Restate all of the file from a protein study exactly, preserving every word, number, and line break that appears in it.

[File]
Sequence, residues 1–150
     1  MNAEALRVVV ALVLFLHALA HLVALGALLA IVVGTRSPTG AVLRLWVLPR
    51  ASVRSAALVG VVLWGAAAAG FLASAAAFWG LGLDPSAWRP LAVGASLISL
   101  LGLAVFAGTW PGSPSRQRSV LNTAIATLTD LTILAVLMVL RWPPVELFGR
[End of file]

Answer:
Sequence, residues 1–150
     1  MNAEALRVVV ALVLFLHALA HLVALGALLA IVVGTRSPTG AVLRLWVLPR
    51  ASVRSAALVG VVLWGAAAAG FLASAAAFWG LGLDPSAWRP LAVGASLISL
   101  LGLAVFAGTW PGSPSRQRSV LNTAIATLTD LTILAVLMVL RWPPVELFGR